9

When I use df or mount, I'm most of all interested in physical disk partitions. Nowadays the output of those commands is overwhelmed by temporary and virtual filesystems, cgroups and other things I am not interested in on a regular basis.

My physical partitions in the output always start with '/', so I tried making aliases for df and mount:

alias df1="df | egrep '^/'"
alias mount1="mount | egrep '^/'"

That works OK for mount1 (although it shows the '/' in red), but for df1 I would sometimes like to add the -h option to df and cannot do df1 -h. I would prefer not to have an alias for every option combination I might want to use. Do I really have to look into defining functions in bash (I would prefer not to)? Is there a better solution for df1?

5

You can solve the df1 argument issue by using the following alias:

alias df1='df --type btrfs --type ext4 --type ext3 --type ext2 --type vfat --type iso9660'

make sure to add any other type (xfs, fuseblk (for modern NTFS support, as @Pandya pointed out), etc) you're interested in. With that you can do df1 -h and get the expected result.

mount does have a -t option but you cannot specify it multiple times (only the last is taken), there I would use:

alias mount1="mount | /bin/grep -E '^/'"

I am using grep -E as egrep is deprecated and using /bin/grep makes sure you're not using --colour=auto from an alias for grep/egrep

  • df --type ntfs isn't showing 5 ntfs partition and hence skipping them in result for me – Pandya Mar 4 '16 at 9:26
  • I've to use --type fuseblk for that – Pandya Mar 4 '16 at 9:29
  • @Pandya that is what I indicated, you need to add other types you're intrested in. I haven't had ntfs partitions in my system for several years, so I'm not sure where that came from in the alias that I use. – Anthon Mar 4 '16 at 9:31
  • 1
    @Pandya looks like that --type ntfs was in my alias from the time there was minimal NTFS support (the time where you had to do a filesystem check on your NTFS partition after rebooting into Windows %-) ). Updated my answer, thanks. – Anthon Mar 4 '16 at 10:38
3

You can define the function as follows:

function df1() { df "$@" | grep -E '^/'; }

Example output:

$ df1 -h
/dev/sda8        25G  8.1G   16G  35% /
/dev/sda4        25G   20G  5.8G  78% /media/pandya/Documents+Edu
/dev/sda3       9.5G  7.1G  2.0G  79% /media/pandya/Ext4
/dev/sda7        24G   17G  6.9G  71% /media/pandya/Extra+Other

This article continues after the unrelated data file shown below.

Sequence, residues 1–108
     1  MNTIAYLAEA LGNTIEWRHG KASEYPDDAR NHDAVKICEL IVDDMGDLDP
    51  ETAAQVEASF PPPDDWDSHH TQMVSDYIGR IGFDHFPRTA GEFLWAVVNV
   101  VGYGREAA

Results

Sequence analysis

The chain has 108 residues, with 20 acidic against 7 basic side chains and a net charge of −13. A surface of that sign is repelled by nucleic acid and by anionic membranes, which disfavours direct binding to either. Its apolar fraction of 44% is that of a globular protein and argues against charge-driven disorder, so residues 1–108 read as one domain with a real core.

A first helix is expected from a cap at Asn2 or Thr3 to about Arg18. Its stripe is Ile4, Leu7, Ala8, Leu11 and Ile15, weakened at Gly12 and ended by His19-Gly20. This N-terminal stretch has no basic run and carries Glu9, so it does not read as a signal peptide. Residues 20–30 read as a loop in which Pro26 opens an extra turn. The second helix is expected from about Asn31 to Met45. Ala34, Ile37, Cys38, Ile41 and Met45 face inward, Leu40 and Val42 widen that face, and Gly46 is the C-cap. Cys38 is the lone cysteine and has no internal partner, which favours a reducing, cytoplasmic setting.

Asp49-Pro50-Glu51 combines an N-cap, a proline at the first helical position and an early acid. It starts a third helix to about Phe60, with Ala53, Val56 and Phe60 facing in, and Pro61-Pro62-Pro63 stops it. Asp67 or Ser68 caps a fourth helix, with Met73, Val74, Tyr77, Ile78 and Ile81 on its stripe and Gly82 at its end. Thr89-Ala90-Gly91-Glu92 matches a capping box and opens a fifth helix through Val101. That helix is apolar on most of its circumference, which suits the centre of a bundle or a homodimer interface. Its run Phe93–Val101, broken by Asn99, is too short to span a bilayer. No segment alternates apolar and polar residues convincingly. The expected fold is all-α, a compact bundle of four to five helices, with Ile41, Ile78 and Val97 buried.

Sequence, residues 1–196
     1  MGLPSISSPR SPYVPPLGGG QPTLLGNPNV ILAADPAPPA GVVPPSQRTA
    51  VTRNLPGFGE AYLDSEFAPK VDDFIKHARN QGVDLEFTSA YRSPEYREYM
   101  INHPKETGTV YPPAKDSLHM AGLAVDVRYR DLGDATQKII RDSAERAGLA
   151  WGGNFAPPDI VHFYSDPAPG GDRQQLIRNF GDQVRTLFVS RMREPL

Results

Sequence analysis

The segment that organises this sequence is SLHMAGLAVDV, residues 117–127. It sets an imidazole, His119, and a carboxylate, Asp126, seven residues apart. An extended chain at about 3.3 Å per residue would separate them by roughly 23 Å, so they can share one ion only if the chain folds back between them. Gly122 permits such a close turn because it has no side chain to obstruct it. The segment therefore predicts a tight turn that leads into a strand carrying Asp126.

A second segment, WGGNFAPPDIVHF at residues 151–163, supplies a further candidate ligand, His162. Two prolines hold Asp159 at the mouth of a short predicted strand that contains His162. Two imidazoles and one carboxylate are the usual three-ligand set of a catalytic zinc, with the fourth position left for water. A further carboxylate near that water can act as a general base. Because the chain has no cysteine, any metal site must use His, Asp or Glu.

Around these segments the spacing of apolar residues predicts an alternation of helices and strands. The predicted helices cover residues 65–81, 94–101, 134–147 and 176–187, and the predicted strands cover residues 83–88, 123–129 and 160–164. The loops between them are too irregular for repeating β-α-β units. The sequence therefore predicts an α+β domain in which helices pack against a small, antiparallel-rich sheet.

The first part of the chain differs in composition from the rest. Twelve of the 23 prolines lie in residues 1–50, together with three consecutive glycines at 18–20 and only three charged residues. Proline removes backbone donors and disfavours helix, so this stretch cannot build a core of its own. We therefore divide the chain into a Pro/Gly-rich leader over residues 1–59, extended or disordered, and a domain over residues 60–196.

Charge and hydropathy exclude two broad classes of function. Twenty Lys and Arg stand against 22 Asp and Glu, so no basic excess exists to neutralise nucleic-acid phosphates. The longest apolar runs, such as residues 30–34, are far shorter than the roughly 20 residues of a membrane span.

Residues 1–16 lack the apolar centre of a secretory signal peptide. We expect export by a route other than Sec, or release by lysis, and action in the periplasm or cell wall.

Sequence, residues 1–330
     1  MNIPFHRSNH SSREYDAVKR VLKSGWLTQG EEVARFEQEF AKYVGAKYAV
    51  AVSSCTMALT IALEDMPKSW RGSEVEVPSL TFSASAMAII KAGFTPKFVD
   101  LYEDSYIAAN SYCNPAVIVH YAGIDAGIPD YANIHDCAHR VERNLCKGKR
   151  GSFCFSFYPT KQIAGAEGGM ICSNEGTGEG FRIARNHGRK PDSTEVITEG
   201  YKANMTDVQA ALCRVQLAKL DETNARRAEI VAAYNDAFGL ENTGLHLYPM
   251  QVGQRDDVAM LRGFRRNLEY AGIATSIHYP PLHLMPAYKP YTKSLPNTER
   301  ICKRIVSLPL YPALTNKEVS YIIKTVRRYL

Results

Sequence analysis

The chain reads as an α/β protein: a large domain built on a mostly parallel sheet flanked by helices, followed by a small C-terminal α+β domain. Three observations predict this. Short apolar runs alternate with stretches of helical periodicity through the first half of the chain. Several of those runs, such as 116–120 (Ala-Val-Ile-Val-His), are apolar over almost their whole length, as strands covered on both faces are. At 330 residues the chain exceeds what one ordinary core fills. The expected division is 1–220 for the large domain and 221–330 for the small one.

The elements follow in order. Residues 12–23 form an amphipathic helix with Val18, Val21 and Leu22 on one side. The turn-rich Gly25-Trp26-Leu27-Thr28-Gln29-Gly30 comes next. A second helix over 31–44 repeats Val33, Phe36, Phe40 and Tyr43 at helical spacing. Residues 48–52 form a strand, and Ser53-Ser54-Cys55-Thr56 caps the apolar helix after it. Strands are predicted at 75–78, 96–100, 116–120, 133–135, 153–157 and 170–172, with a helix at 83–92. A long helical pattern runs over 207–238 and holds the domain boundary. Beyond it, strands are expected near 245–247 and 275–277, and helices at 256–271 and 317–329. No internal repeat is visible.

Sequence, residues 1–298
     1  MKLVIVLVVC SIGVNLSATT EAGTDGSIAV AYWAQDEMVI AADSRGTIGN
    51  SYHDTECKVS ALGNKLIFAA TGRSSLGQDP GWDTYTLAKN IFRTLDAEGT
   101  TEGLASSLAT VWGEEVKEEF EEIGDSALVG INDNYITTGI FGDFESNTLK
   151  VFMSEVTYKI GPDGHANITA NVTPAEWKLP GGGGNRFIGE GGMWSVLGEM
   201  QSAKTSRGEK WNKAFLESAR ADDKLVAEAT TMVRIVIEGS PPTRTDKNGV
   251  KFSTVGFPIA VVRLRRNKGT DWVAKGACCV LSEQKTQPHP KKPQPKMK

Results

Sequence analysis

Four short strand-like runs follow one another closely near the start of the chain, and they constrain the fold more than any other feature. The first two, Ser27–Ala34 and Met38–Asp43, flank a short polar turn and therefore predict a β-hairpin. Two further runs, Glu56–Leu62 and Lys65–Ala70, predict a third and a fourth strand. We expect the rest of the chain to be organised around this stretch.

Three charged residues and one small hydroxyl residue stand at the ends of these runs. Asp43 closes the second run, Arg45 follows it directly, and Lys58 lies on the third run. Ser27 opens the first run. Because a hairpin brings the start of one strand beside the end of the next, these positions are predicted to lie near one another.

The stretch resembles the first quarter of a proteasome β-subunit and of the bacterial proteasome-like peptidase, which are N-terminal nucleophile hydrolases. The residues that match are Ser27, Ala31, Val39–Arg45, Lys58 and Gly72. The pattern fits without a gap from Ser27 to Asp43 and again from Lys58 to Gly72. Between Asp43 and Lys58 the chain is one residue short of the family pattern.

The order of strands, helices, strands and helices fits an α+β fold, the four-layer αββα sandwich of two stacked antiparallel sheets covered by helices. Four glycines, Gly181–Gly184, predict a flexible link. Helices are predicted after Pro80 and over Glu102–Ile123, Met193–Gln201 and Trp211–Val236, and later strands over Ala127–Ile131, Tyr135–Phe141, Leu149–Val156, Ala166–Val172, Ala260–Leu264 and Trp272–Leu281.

/dev/sda6        26G   25G  448M  99% /media/pandya/Media+Game
/dev/sda10       15G  7.9G  7.1G  53% /media/pandya/Miscellaneous
/dev/sda5        36G   22G   14G  63% /media/pandya/Software+OS

Here $@ lets you to input your arguments! [Note that $@ should always be written within double quotation marks unless you have a concrete reason not to. -ed]

3

If switching to a different df is an option, use pydf instead, as it doesn't show filesystems having 0 blocks by default, and has a gauge, colors, and some other properties enabled by default. It works fairly well aliased to df, and the original is always available using \df anyway.

  • For me the most useful answer here. Sadly, this doesn't exist for mount. – emk2203 Nov 28 '18 at 12:57
  • A bit late, but for me pydf showed my single physical drive and 33 /dev/loop## drives when all I want is the physical drive. The accepted df answer works, but I prefer this form instead: alias dfh='df -h -x squashfs -x tmpfs' – Steve Valliere Jun 21 '19 at 11:35
1

This answer attempts to address yves's following preoccupations:

I would prefer not to have an alias for every option combination (1)

and

although it shows the '/' in red (2)

and (3) add an important piece of info to the varying output, which is df's header line that changes according to the supplied flags.

(1) You need function, because by definition it takes arguments. And, it is very simple to define and use as you'll find out below.

(2) the red / is produced by grep --color, which is a common alias to grep itself (you can check that by running alias).

code

function df1 
{ 
    df $* | sed -n '1p;/^\//p;'
}

The newlines above are intended to improve readability, you can replace them by space.

Copy and paste this snippet directly to an interactive bash session or, even better, append it to your ~/.bashrc.

Example usage

$ df1 
Filesystem                        1K-blocks      Used Available Use% Mounted on
/dev/disk1                        487358464 316093104 171009360  65% /
/dev/disk2                           524032    302620    221412  58% /Volumes/Packer

$ df1 -hT
Filesystem                        Type   Size  Used Avail Use% Mounted on
/dev/disk1                        hfs    465G  302G  164G  65% /
/dev/disk2                        hfs    512M  296M  217M  58% /Volumes/Packer

$ df1 -hT .
Filesystem     Type  Size  Used Avail Use% Mounted on
/dev/disk1     hfs   465G  302G  164G  65% /

What it does

The function df1 calls df with whatever arguments you pass it and pipes (|) the output to sed, which is invoked with -n to suppress automatic printing of the pattern space. The rest expresses the sed "scripts", two actually:

  1. the script 1p prints the 1st line, which in our case is df's header (I use the same for ps piping),
  2. the script /^\//p matches any line starting with /, then prints it
  3. ; separates the 2 sed scripts
0

I use alias df='df -hT -xtmpfs -xdevtmpfs'.

Pretty much sucks that you have to use an alias to make GNU df actually usable on Linux these days. There should be an option to only show "real" filesystems (whatever that means).

Acually, df -hxtmpfs takes most of the crap out and remains usable without an alias. Not really worse than netstat -tulnp and such... *sigh*

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